Hints & Tips

An ever refreshing collection of our favourite insightful tips and advice to help runners

Motivational words

Another great way to keep your mind set positive when the running gets tough is to have your own personal cue words. For my first marathon, I had “Come on kid, this is your dream” written on my arm in sharpie.  I’d seen it on a meme earlier in the week and it spoke to me.  Whenever I felt myself flagging and thinking in a negative way, I looked at my arm and repeated the phrase in my head.  Find a word or phrase that you relate to.  It might be something motivational like “I am strong” or it might be a phrase related to your running form such as, “Head up, hips high” to prompt you to snap out of your temporary slump.

Break the distance up

There are no two ways about it long distance running in races as in training…unsurprisingly…our very long ways! The distance stretching out before you from your front door or on the start line can feel overwhelming.  Mentally it can really help to break the distance down into smaller chunks and simply focus on each one at a time.  Some people like to break the distance into 10ks, others prefer to just focus on the single mile that they are in.  The key is to celebrate achieving the distance you choose when you complete it and then let it go.  If it was a bad mile once it’s finished it is gone.  Don’t spend time and energy worrying about it, focus on the new fresh mile ahead.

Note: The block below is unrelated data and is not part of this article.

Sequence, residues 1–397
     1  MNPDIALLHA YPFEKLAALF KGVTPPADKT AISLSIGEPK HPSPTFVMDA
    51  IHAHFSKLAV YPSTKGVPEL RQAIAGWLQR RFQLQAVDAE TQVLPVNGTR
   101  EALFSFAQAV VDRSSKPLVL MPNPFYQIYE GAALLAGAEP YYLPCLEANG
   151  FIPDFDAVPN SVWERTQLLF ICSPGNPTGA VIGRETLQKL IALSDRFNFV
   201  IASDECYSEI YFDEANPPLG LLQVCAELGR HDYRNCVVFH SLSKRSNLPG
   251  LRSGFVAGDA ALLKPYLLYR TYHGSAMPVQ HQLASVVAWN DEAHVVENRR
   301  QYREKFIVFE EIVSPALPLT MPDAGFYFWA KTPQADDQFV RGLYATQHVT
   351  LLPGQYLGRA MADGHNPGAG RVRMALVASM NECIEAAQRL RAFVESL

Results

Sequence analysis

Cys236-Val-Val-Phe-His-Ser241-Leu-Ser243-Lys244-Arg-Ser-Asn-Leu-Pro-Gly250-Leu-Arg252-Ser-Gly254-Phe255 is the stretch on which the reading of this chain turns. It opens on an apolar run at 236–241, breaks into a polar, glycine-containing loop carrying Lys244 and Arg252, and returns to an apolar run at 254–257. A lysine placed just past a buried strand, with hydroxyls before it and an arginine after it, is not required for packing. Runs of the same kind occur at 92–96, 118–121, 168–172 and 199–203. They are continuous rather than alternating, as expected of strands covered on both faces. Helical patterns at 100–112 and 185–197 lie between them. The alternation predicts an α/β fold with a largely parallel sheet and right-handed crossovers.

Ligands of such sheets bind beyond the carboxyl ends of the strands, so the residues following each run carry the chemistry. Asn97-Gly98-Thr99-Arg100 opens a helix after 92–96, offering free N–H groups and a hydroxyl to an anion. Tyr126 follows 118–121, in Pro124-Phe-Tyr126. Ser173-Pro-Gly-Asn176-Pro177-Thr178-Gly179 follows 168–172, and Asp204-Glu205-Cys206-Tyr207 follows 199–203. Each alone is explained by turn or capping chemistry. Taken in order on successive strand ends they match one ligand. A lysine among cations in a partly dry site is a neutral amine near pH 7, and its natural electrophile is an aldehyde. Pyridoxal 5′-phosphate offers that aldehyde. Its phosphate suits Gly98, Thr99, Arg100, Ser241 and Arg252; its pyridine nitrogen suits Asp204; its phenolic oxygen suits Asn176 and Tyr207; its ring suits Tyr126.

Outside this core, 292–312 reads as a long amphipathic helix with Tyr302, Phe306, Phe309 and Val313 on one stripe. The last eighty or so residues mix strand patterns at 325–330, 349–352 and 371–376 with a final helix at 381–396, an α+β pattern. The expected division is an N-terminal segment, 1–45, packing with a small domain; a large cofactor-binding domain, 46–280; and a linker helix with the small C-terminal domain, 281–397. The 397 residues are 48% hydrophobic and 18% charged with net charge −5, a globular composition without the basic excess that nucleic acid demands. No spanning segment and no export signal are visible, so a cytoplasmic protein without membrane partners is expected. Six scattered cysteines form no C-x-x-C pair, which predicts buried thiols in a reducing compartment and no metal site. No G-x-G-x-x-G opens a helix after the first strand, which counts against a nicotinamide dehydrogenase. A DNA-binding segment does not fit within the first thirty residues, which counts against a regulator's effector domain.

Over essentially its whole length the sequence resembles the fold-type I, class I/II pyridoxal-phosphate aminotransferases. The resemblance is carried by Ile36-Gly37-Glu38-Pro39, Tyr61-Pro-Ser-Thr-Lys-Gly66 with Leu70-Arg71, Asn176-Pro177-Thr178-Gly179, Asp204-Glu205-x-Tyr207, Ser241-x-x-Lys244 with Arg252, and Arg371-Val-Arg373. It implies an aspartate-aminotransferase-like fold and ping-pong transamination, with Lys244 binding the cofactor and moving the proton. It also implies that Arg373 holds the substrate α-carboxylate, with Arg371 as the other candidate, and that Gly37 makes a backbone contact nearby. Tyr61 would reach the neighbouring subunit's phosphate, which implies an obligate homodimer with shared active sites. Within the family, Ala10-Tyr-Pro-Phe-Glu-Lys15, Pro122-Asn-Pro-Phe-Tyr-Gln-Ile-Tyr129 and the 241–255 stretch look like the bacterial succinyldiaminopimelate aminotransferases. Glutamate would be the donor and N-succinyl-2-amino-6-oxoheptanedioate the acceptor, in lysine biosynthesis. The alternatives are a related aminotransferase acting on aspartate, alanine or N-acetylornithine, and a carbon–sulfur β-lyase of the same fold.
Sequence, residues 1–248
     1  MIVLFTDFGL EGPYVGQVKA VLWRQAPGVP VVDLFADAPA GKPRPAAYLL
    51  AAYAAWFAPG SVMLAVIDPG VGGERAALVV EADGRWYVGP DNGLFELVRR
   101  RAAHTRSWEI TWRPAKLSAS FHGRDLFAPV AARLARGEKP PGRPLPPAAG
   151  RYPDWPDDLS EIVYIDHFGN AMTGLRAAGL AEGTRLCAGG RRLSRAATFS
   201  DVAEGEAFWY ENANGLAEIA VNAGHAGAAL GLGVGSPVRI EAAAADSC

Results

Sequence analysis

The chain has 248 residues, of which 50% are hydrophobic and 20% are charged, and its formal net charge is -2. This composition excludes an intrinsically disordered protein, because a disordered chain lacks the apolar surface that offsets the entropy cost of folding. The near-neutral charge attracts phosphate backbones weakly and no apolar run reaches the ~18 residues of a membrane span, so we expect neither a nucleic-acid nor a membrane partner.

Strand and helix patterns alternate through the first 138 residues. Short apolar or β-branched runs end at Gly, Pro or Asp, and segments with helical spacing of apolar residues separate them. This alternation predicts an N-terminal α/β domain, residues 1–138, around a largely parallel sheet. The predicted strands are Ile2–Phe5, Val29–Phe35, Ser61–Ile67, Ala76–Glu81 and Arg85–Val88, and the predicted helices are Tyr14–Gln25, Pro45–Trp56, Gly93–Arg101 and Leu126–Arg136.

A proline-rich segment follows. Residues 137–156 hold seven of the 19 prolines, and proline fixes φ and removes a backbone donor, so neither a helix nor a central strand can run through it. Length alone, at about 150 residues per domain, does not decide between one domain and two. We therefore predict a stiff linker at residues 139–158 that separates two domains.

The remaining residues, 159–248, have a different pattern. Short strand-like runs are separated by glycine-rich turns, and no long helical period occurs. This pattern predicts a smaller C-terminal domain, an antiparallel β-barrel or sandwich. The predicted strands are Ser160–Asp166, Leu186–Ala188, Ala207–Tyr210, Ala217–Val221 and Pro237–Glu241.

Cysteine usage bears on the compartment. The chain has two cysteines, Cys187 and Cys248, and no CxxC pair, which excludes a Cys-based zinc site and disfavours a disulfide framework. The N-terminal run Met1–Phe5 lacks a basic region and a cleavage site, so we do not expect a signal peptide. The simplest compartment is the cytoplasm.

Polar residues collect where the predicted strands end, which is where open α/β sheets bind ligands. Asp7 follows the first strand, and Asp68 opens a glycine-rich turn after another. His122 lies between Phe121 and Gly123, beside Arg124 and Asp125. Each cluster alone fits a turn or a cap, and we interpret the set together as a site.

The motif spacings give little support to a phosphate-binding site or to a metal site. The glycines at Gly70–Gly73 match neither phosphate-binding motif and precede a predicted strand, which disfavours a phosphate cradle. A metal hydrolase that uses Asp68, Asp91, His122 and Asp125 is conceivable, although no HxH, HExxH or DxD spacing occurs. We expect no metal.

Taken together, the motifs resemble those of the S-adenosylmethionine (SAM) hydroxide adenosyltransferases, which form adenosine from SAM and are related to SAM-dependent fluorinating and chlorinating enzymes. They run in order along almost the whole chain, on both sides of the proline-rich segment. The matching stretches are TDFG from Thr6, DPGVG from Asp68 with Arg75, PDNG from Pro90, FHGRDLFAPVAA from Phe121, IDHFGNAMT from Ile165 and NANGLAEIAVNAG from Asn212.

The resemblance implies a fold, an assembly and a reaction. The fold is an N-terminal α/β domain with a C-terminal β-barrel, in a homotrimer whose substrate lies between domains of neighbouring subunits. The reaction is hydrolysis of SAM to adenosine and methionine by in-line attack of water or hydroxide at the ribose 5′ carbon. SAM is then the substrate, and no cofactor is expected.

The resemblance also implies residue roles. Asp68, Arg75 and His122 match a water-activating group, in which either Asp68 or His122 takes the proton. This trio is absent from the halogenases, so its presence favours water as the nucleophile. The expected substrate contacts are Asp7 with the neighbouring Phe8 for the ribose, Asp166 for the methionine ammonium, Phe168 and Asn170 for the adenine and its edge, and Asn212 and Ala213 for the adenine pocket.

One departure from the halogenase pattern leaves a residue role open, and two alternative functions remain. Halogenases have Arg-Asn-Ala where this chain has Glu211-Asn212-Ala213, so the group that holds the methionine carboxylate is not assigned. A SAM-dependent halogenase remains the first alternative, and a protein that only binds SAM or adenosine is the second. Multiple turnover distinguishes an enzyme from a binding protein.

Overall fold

Outfit testing

New running kit can make you feel a million bucks but if you don’t wear items in carefully then it’ll make you feel rather less so afterwards! Especially before a race, it’s a good idea to test out the outfit you plan on running in on a long run to make sure nothing irritates you, rides up or chafes. Make sure to ‘lube up’ with Vaseline or Bodyglide on any spots that might chafe (think inner thighs, under your arms, toes…) DO NOT wear a new outfit on race day, no matter how pretty that new top is. Confession – after running the Chicago marathon I cried in the shower from so much chafing.


It is important to replace the energy lost during exercise as soon as possible, ideally within a 90 minute window of finishing. It is advised to aim for a 4 to 1 ratio of carbohydrates to protein. For example a good snack would be yoghurt and granola, or a banana and peanut butter bagel. Refuelling soon after your run helps with the process of rebuilding and repairing any muscle damage and replenishes lost minerals. Refuelling is another factor that is dependant on the intensity or duration of the run. For example, after running a fast 5k or training using shorter bursts/intervals, be sure to replenish good nutrients with fruit and vegetables, as well as carbohydrates and protein, but be careful not to overeat. You’re overall energy loss may not be that high.